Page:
Will Palestine be the next to explode in the volatile Middle East?
While the Palestinian West Bank and Gaza have up to now escaped the turbulence unleashed by the Arab Spring in the Middle East, the situation there may be entering an extremely dangerous period, with unpredictable consequences for the leader of the Palestine Authority in the West Bank, Mahmoud Abbas.
Over the past several months, the Abbas government has confronted a number of demonstrations against its purported mismanagement of the economy, systemic corruption, plus brutal crackdowns by security forces against Abbas opponents, particularly supporters of the radical Hamas movement in Gaza and militants active in actions against Israel.
Unfortunately for the Palestinian Authority president, opposition to him took a dramatic turn on Aug. 27 when, during a meeting with a visiting delegation of rabbis led by former Israeli minister Michael Melchior, Abbas stated, "Israel was founded in order to remain and not in order to vanish, (but) its continued (existence) should not be at the expense of the absent Palestinian state."
While Abbas's conciliatory comments would be welcomed by many within the global community, especially the Obama administration, they had the opposite response within the Palestinian population.
Predictably, Hamas condemned them, some Hamas leaders demand he retract his statement, others insisting the Palestinian people should remove him from office.
As if the president wasn't already in enough trouble over his moderate comments about Israel's right to exist -- which militant Palestinians and many Arabs vociferously reject -- in recent days the International Monetary Fund, IMF, issued a warning the Palestinian economy is heading for a further slowdown in growth and a likely increase in unemployment, already 19 per cent in the West Bank and a whopping 30 per cent in Gaza ruled by the Islamist Hamas movement.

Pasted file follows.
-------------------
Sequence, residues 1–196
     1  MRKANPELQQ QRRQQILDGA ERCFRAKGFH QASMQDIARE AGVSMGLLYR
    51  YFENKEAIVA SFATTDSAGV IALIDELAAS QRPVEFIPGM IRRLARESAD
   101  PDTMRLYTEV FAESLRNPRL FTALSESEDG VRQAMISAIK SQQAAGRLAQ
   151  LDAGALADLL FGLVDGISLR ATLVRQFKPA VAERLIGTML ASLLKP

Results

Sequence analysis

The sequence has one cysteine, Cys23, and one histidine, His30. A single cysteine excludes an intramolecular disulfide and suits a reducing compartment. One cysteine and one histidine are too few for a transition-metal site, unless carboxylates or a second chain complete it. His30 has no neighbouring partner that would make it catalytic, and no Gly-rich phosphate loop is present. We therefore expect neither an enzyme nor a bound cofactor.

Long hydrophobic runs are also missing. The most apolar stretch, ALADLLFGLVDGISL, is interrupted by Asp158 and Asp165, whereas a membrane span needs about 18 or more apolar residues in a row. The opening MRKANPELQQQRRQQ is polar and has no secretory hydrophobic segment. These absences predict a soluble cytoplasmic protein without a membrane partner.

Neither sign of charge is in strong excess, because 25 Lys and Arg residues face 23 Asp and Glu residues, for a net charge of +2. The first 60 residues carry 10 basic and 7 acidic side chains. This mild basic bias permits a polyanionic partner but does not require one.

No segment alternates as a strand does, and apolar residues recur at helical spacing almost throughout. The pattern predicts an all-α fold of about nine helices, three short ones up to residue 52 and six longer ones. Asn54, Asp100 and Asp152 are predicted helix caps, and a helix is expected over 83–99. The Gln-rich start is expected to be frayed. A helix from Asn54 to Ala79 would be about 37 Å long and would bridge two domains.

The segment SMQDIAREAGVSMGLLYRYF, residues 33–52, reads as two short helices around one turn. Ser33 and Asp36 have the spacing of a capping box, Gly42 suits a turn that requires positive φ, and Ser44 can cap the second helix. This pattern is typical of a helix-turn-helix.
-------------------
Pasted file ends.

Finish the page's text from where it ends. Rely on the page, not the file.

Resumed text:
The IMF's official responsible for the West Bank and Gaza, Oussama Kanaan, said the present economic problems faced by the Palestine authorities stemmed primarily from continuing curbs on Palestinian trade imposed by Israel and a major drop in donor money from outside countries, including Arab governments.
This bleak situation in Israel's backyard at a time when the government of Prime Minister Benjamin Netanyahu is warning of the dangers presented by Iran's nuclear program and calling for the United States to take firmer action against Iran is the last thing anyone needs during a turbulent period in the Middle East, with extremist groups unleashing violence in several Arab countries.
Instability in Palestine would have extremely dangerous ramifications for Israel's security.
No one in Israel or the United States is unaware of the dangers arising should the relatively moderate administration of Mahmoud Abbas be undermined or replaced by those who object to the current pragmatic relations between the Palestinian authorities and Tel Aviv, especially in the security and intelligence spheres where the two sides have co-operated in trying to control extremist groups, some of which threaten both the Abbas government and Israel.
While Abbas may survive the outrage of Hamas and other Palestinians over his comments Israel has a right to remain in the region, whether he can survive a further deterioration of the economy is uncertain.
In recent days, in an attempt to defuse tension over the increasing economic problems confronting ordinary Palestinians and escalating unemployment, the PA's prime minister, Salam Fayyad, himself the subject of widespread criticism, announced he was revoking a number of recent austerity measures.
Interestingly, conscious of the threats posed by the removal of the Abbas government and potential radicalization of the Palestinian population, the Netanyahu government announced it would transfer $64 million in tax revenues ahead of schedule to the Palestinian Authority from revenue it collects on behalf of the PA.
Although such measures may stave off a potential economic crisis with accompanying social instability, it's important that Israel and other key governments, including the Harper government, take concrete steps to deal with not just the chronic economic difficulties of Palestine but also commit themselves to meaningful steps toward facilitating the long overdue sovereignty of Palestine mandated by the United Nations in 1947.
Harry Sterling, a former diplomat, is an Ottawa-based commentator who writes regularly on Middle East issues.